When you think about getting vitamins from food, the last source you think of is butter. We are indoctrinated into thinking that butter holds no beneficial qualities beyond taste. Butter does more than make green vegetables taste better. Along with the fat and minerals, butter contains vitamins that are necessary for health.
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Vitamin A is essential to for healthy teeth, skin, tissues, membranes, bones, eyes and respiratory function. Nearly every bodily function requires Vitamin A, in some capacity, to work properly. Vitamin A is also a strong antioxidant vitamin, which helps fight off many diseases, including cancer. The 2010 issue of "Nutrition and Cancer" reports that a low intake of Vitamin A is associated with an increased risk of cervical cancer. If you eat butter, you contribute to your Vitamin A intake. One tbsp. of butter contains 350 IU of Vitamin A, or 7 percent of the recommended daily value, according to the U.S. Department of Agriculture. Remember that butter contains a high amount of fat, so while 1 tbsp. will contribute to your Vitamin A intake, you don't want to increase your butter intake just to get your daily allowance of Vitamin A.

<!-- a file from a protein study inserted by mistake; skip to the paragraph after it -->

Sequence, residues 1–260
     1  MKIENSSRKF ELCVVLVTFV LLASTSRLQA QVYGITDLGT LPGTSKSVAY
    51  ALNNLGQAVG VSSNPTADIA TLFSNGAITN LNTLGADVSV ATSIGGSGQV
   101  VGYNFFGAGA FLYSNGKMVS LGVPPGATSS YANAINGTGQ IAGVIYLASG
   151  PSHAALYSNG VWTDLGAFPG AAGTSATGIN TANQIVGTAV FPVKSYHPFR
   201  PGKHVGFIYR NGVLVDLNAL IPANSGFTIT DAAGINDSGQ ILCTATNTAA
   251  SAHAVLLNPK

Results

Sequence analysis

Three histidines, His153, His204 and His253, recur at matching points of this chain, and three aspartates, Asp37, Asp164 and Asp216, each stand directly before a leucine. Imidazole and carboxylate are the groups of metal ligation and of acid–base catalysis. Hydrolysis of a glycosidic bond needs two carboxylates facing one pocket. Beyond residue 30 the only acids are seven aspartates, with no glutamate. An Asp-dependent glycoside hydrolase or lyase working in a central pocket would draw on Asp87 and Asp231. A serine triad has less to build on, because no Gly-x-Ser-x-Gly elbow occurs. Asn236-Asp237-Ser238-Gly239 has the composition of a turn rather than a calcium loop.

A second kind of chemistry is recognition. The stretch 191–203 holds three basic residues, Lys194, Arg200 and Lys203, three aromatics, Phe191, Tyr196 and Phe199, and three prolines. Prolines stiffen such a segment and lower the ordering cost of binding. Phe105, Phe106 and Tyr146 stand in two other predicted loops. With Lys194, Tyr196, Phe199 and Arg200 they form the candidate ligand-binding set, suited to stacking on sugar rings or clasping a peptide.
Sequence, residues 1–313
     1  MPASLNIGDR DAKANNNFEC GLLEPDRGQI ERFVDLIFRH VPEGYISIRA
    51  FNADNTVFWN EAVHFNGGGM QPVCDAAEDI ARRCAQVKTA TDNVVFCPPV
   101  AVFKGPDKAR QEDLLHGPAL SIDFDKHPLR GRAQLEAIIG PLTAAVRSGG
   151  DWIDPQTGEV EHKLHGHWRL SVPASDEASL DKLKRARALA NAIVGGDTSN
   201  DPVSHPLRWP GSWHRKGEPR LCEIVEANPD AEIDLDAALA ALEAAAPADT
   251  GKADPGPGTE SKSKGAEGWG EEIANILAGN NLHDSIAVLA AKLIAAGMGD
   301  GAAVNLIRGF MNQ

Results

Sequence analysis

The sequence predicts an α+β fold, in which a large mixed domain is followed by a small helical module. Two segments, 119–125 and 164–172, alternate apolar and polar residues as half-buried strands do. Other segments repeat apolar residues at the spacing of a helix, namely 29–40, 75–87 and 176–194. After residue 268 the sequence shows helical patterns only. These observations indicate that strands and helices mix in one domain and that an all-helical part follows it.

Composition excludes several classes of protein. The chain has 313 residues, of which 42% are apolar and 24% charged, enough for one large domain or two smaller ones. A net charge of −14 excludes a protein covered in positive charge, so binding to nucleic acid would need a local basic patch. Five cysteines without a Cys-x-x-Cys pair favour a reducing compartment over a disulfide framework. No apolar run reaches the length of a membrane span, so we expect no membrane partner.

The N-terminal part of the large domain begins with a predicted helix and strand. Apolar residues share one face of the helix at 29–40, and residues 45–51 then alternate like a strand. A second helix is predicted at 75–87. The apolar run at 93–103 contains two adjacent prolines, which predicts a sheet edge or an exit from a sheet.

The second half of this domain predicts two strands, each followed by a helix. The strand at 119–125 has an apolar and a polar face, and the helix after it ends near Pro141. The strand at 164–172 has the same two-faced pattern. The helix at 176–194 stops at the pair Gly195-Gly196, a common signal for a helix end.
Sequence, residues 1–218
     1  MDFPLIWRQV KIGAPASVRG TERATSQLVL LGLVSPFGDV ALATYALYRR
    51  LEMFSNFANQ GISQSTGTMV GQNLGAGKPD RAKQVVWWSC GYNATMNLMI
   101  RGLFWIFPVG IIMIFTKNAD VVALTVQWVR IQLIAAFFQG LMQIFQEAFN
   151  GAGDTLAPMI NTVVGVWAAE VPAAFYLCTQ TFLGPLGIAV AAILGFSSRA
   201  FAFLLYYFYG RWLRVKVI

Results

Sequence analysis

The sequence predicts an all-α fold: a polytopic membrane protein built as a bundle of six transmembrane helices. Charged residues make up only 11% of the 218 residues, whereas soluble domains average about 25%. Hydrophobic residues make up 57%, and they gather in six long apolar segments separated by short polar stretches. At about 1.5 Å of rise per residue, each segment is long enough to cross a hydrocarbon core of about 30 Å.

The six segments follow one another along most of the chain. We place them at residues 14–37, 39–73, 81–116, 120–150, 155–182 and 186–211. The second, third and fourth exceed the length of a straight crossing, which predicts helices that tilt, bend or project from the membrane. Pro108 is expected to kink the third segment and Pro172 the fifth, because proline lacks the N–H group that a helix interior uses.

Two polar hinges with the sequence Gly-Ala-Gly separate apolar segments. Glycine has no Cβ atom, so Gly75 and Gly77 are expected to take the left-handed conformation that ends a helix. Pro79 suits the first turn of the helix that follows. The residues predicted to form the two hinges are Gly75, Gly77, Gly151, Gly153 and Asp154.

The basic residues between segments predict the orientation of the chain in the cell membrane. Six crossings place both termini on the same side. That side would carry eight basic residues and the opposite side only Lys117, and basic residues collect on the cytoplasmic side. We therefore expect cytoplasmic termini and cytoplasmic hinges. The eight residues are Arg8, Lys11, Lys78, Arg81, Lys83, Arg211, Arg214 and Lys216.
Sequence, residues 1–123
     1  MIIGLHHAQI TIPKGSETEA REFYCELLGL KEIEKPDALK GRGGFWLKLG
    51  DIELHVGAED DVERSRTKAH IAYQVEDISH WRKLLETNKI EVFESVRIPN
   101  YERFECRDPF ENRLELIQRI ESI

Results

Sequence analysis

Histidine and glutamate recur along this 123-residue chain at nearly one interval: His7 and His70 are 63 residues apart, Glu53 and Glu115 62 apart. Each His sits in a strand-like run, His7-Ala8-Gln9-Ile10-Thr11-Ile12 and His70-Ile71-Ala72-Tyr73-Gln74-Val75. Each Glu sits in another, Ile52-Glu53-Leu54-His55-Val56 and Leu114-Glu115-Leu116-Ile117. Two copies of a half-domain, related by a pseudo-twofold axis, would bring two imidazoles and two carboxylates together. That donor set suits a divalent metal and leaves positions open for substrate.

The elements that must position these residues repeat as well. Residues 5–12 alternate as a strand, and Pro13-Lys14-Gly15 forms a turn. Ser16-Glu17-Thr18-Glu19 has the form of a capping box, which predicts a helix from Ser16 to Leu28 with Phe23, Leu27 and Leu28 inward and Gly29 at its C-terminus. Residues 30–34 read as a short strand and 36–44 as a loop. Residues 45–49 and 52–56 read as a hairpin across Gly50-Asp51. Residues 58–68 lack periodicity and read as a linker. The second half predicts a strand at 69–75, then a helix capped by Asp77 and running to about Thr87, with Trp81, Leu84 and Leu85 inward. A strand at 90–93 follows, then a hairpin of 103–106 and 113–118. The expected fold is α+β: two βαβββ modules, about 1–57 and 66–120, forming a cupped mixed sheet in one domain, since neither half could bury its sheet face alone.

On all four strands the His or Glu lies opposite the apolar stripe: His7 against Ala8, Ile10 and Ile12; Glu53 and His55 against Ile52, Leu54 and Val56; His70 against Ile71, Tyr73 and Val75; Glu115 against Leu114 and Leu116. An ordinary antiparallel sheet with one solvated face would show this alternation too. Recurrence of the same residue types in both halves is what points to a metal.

Vitamin E is another antioxidant vitamin that works together with Vitamin A to fight off damage causing molecules in the body. The National Institutes of Health (NIH) reports that, along with cancer prevention, Vitamin E participates in the health of the eyes, heart and brain. The amount of Vitamin E in 1 tbsp. of butter is only 0.3 mg, or 2 percent of the recommended daily intake. Just as with Vitamin A, you don't want to up your butter intake to increase your Vitamin E intake. However, one benefit of getting Vitamin E from butter is that Vitamin E requires fat in the digestive tract to be absorbed, which means the Vitamin E in butter is Vitamin E that is easily absorbed into the system.
Vitamin K doesn't receive too many accolades and awards, but it is a vitamin that is necessary for overall body health. Vitamin K's major role is to make sure the blood clots properly--if it didn't, we would bleed to death. The Linus Pauling Institute reports that along with clotting the blood, Vitamin K has a role in healthy bone production, as well as the production and protection of cells within the body. One tbsp. of butter contains 1 mcg of Vitamin K, or 1 percent of the recommended daily intake.
One tbsp. of butter also contains trace amounts of various B vitamins, such as folate, Vitamin B12, pantothenic acid, thiamin, riboflavin and niacin. The B vitamins all assist in metabolism, helping the body convert food into energy. They also are important to the production of red blood cells, according to the NIH.